La protection et la promotion de tous les droits humains doivent être au centre de notre action collective. Je suis extrêmement préoccupé par l’érosion des droits humains à travers le monde. Comme je l’ai souligné à plusieurs reprises, la Charte nous oblige à placer les peuples et les droits humains au cœur de notre engagement. C'est pourquoi je lancerai, le mois prochain à Genève, un nouvel appel à l'action en faveur des droits et de la dignité humaines.

Pour relever tous ces défis, nous devons continuer de donner à l’ONU les moyens de relever les défis de cette nouvelle ère.

C’est pourquoi, dès mon entrée en fonction et avec votre soutien, j’ai entrepris des réformes d’envergure qui privilégient la flexibilité, la transparence et l’application du principe de responsabilité.

En 2020, nous allons poursuivre sur la base des progrès réalisés.

Nous commençons d’ailleurs déjà l’année avec une réussite de taille.

Le 1er janvier, pour la première fois de l’histoire de l’Organisation, nous sommes parvenus à la parité hommes-femmes au sein de l’ensemble des postes de plus haut rang occupés à temps plein, c’est à dire des secrétaires généraux adjoints et sous-secrétaires généraux à temps plein.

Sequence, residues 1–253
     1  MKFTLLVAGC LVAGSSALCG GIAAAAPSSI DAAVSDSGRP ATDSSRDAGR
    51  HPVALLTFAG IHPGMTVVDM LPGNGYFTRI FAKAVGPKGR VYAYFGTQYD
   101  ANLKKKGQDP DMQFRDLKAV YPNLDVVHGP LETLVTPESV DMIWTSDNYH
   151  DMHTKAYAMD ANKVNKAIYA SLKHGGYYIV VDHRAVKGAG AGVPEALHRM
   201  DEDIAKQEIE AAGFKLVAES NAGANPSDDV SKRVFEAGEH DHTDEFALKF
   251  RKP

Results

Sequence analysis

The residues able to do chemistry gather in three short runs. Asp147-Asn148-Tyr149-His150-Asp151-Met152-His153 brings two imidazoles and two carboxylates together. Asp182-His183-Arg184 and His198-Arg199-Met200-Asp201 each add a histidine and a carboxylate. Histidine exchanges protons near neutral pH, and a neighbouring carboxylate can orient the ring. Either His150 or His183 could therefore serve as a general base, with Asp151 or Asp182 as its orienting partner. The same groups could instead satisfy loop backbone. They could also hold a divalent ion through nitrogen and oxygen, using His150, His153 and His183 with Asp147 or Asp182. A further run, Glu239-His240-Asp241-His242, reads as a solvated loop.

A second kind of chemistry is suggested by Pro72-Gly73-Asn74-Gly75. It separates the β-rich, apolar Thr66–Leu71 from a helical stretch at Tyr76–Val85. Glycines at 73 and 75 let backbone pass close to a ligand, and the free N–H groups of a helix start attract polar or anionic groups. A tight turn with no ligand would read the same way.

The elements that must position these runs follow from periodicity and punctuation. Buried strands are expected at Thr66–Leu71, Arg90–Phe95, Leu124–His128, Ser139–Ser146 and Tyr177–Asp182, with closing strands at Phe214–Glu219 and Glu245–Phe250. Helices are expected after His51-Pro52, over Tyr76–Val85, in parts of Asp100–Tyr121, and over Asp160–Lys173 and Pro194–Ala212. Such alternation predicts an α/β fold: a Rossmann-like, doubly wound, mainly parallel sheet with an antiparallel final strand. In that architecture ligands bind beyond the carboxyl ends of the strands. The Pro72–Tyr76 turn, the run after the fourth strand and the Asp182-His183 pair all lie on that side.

Nous y sommes parvenus deux ans plus tôt que prévu.

Et j’ai bien l’intention de ne pas m’arrêter en si bon chemin et d’améliorer l’inclusion et la parité à tous les niveaux de l’organisation.

Et je vous demande de m’aider à éliminer certains règlements désuets et procédures obscures qui entravent ce chemin.

Je suis tout aussi déterminé à faire de 2020 une année de véritable progrès pour la répartition géographique plus équitable et une plus grande diversité régionale du personnel des Nations Unies.

Nous avons lancé une stratégie à l’échelle du Secrétariat en ce sens.

Mais, vous le savez, pour atteindre les objectifs de parité et de diversité, il faut pourvoir les postes vacants, et pour pourvoir les postes vacants, il nous faut des ressources.